Ohio lawmakers are going to consider a new recreational cannabis bill
The legalization of the cultivation and sale of recreational marijuana is being proposed in a bill that will go before Ohio lawmakers for the first time. Democratic state representatives Casey Weinstein of Hudson and Terrence Upchurch of Cleveland took on the task of drafting a bill that touches on several points for legalization, including cultivation, both commercial and personal, and regulation of sales.
At the same time, it is also planned that people who were once convicted of marijuana-related offenses will be able to have their records sealed, as long as they were low-level offenders. “We’re seeing that there are dramatic economic benefits, there are medical benefits, and there’s a solid criminal justice pathway here so we can focus law enforcement on violent crime,” Weinstein said in an interview.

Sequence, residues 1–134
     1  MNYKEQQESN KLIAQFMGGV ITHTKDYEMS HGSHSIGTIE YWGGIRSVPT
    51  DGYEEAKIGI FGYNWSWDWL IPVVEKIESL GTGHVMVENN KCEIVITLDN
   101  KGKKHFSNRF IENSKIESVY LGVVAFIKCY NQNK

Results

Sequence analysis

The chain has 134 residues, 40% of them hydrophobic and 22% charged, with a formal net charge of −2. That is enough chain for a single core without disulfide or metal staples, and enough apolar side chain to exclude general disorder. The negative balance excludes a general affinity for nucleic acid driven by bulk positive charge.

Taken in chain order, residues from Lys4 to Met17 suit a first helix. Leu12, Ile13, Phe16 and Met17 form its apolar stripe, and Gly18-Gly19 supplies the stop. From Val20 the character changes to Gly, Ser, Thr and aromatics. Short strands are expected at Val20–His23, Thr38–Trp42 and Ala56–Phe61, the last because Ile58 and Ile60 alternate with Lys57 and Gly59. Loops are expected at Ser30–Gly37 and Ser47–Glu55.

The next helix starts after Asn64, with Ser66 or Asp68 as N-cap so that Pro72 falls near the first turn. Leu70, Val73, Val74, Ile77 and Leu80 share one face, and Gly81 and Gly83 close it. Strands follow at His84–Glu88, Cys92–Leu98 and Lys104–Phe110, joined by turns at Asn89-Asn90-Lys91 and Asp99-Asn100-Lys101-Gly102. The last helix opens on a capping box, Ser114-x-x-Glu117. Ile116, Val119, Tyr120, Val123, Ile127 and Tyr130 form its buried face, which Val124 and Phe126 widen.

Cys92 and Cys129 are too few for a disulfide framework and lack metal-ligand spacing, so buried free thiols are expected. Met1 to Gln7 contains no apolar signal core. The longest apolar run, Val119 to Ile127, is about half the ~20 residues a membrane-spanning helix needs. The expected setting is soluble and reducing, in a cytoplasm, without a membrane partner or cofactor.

The two are currently seeking co-sponsors so they can back the idea in a comprehensive bill, which is considered the first to be proposed in the state aimed at implementing a regulated market for marijuana sales. “Ohio is at the point where we’re going to be behind if we don’t act now,” Weinstein said. “I hope this provides the spark we need to elevate the conversation and move this legislation forward.”
Should the bill become a reality, those 21 and older will have the ability to purchase and possess up to a maximum of five ounces of marijuana at a time, and if they choose, grow up to 12 mature plants in their home. Limits on the type or amount of marijuana businesses allowed will be set by each of the cities and towns within their borders. According to Weinstein, the model closely follows that established by Michigan, where it has so far proven to be quite effective.